Slender twining vines from a woody base, sometimes seeming shrubby when grazed; stems densely and persistently sericeous, eventually glabrescent; stipules interpetiolar (borne on stem beside petioles), 0.1–0.8 mm long, triangular or subulate, glabrous or sericeous; leaves decussate; lamina eglandular on surface, sometimes eglandular on margin but usually bearing a pair of stalked glands or eglandular processes near base; petiole sericeous or glabrescent, eglandular. Inflorescence sericeous or glabrescent, the flowers borne in umbels of 2–4 terminating lateral shoots; bracts 0.5–1.8 mm long, narrowly triangular or subulate, eglandular, persistent; peduncle (1–) 2–13 mm long; bracteoles like bract but usually smaller, borne at or somewhat below apex of peduncle, eglandular or one sometimes bearing a small stalked abaxial gland, persistent. Calyx bilaterally or radially symmetrical; sepals leaving petals exposed during enlargement of bud, flat and appressed in anthesis, the lateral 4 or all 5 bearing paired abaxial glands, the glands 0.6–1.1 mm long, elliptical or obovate, detached and often reflexed distally, well separated on the sepal; corolla bilaterally symmetrical; petals lemon-yellow, glabrous or bearing a few straight appressed hairs abaxially on claw or midrib, with the limb flat, the lateral 4 widely spreading, the posterior more erect, with a longer claw and a differently shaped limb; receptacle glabrous on both sides of filaments; androecium bilaterally symmetrical; fertile stamens 2, opposite posterior-lateral sepals, glabrous, nearly or quite distinct, erect and pressed against style, alike; staminodes (rudimentary filaments without anthers) 0–3, when present opposite anterior and anterior-lateral sepals, very rarely one of the filaments opposite an anterior-lateral sepal bearing an anther; gynoecium bilaterally symmetrical, 3-carpellate, the carpels all fertile, 1 anterior and 2 posterior, connate their whole length in ovary; ovary 1–1.5 mm high, densely sericeous; style 1, borne on anterior carpel, straight and erect, the stigma terminal, truncate or capitate. Fruit dry, breaking apart at maturity into 3 samaras (or fewer by abortion) borne on a pyramidal torus 1.2–2 mm high, with each face of torus elliptical or obovate; samara 9–15 (–17) mm long, sericeous proximally; dorsal wing well developed, elongated, 7–12 (–15) mm long, 4–6 mm wide, thickened on the adaxial edge with the veins bending toward the thinner abaxial edge; nut 1.5–2.5 mm high, 3–4.5 mm long, without lateral wings but reticulate and often parallel-rugose on sides, flared and rounded at base and emarginate below to form a shallow groove to accommodate the short but functional carpophore 1–2 mm long, the nut usually forming a spur 0.2–0.5 mm long at end of carpophore; ventral areole 1–2 mm high, 0.8–1.3 mm wide, deeply concave; embryo with the cotyledons subequal, flattened, folded back in the distal third. Chromosome numbers: n = 10 (C. californica and C. linearis), n = 20 (C. gracilis) (W. R. Anderson, 1993a); photos.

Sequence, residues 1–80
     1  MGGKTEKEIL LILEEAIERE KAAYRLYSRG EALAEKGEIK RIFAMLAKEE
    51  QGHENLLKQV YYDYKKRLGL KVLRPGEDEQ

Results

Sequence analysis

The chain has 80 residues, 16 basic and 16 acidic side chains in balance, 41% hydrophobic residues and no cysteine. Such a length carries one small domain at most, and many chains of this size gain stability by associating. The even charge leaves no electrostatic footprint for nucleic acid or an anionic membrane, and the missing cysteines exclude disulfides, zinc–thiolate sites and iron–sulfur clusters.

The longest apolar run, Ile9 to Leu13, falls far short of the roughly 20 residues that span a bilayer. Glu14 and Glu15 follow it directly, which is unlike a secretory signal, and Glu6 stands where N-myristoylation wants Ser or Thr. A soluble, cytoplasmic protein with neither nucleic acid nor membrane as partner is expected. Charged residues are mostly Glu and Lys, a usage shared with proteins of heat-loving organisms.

Cottsia is in the large Stigmaphyllon clade, in a subclade that consists of a group of genera that have the androecium reduced to six stamens (one opposite the posterior petal and the other five opposite the sepals) or fewer (Aspicarpa sens. lat., Camarea, Cottsia, and Janusia) and the style usually one on the anterior carpel, with a terminal stigma. The three North American species of Cottsia have traditionally been placed in Janusia because they resemble the South American type of Janusia, J. guaranitica, in several characters: herbaceous twining habit, flowers in umbels terminating short lateral shoots, and a small samara with a well-developed dorsal wing and a short but functional carpophore (a cartilaginous structure extending from the receptacle to the outer edge of the underside of the nut). Nevertheless, the latest phylogeny published for Malpighiaceae (Davis & Anderson, 2010 [pdf]) showed that Cottsia is sister to all the other genera of the Aspicarpa subclade. In several important respects Cottsia differs from Janusia guaranitica: its petals are lemon-yellow, not carrot-yellow, the three anterior stamens lack anthers, its filaments are distinct even at the base, the carpels are connate their whole length in the ovary, the samara lacks a lateral winglet, and there are no cleistogamous flowers. Cottsia is also interesting for having a base chromosome number of n = 10, a number that is common in less derived genera of the Stigmaphyllon clade (e.g., Banisteriopsis) but lower than any known otherwise in the Aspicarpa subclade (W. R. Anderson, 1993a). Anderson & Davis (2007, p. 159) suggested that the low chromosome number and lack of cleistogamy in Cottsia may indicate that its ancestor arrived in North America before polyploidy and cleistogamy evolved in the South American clades, followed by further reduction of the androecium in Cottsia. See the extensive discussion in Anderson & Davis (2007, pp. 157–165).
References: W. R. Anderson (1993a, pp. 343, 346–347, under Janusia), chromosome numbers, distributions, discussion of ploidy and hybridization; W. R. Anderson & C. Davis (2007, pp. 157–165), revision; the description and discussion given above were modified from the latter reference.
Etymology: Dubard and Dop, when describing the genus, coined the name Cottsia (basing it on an anagram of "Scott") to honor George Francis Scott Elliot (1862–1934), a Scottish botanist who collected plants in Madagascar in the late 1880s. They did that because their type, a single specimen in P, bore a label saying it was collected in Madagascar by Scott Elliot. Their specimen was mislabeled and did not come from Madagascar; it was actually a sheet of Palmer 263 in 1887, from Sonora, Mexico, a representative of what is now C. californica. For additional discussion see Anderson & Davis (2007, p. 157).